CANBERRA -- Arguably the most controversial aspect of the 2017 budget is a plan to drug test 5000 welfare recipients, and move them onto the cashless debit card or other income management if they test positive. In response, citizens, experts and even politicians say that members of our federal parliament should be drug tested, too.
The surprise plan, announced in Tuesday's budget, will see 5000 people on the Newstart and Youth Allowance payments included in a trial drug testing program from January 2018. The program is said to include "random" tests, but also "based on a data-driven profiling tool... to identify relevant characteristics that indicate a higher risk of substance abuse issues." So maybe not so "random" in effect.
The idea behind the testing is to stop people using their welfare payments for drugs. But soon after the plan was announced, many were quick to offer their own idea for targeting drug testing at some other people who are paid by the government -- namely, politicians and their staff.
It was a popular response.
Alex Wodak, the president of the Australian Drug Law Reform Foundation, has come out strongly against the plan to drug test welfare recipients. However, even he gave some tongue-in-cheek support for testing our politicians too.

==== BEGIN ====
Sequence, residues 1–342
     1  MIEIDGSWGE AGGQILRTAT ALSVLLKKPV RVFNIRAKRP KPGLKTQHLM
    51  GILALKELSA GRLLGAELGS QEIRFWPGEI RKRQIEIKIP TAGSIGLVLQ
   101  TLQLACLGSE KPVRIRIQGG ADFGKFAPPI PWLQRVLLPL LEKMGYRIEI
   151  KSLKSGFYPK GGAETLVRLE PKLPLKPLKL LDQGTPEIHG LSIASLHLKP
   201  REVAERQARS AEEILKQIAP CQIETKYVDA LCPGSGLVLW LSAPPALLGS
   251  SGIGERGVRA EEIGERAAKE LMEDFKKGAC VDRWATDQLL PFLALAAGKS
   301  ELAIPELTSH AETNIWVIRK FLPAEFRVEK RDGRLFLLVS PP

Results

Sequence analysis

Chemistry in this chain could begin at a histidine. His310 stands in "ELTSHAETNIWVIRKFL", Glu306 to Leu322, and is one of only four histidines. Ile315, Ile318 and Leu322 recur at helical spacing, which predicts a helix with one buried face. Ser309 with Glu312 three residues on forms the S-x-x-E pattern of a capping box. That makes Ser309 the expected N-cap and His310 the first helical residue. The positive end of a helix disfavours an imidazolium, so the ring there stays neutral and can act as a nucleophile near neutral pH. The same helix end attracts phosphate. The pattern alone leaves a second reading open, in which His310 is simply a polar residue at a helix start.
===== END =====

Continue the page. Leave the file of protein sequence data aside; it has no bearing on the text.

There was also some political support for the plan to test politicians.
In interviews with HuffPost Australia on Tuesday, both Labor's Sam Dastyari and Greens
senator Sarah Hanson-Young voiced support for the idea of submitting themselves and their colleagues to drug testing. Hanson-Young said: "I'd like to see how that goes."
"We should have a booze bus outside the Senate doors on Thursday mornings... there will be some people who come into this place with, I reckon, their blood alcohol level quite well over what you'd expect for somebody coming to work," she told HuffPost Australia.
Dastyari joked "most of my friends... I think you're all in trouble".
On Wednesday, senator Jacqui Lambie came out strongly in favour of such a plan to drug test politicians, and even joked that journalists entering Parliament House should be subjected to the same screening.
"I called for this about two and a half years ago when I first come up here. It would be nice to see Parliament leading by example and do drug testing at their own doors," she told the ABC.
"They're paid by the taxpayer, public servants and politicians; they could be doing random drug tests at the doors and leading by example and that way they won't get so much flak."
She made similar comments during several other interviews through the morning,
"There's no reason we can't do random drug testing here [in parliament]... let's lead by example," she told Sky News.
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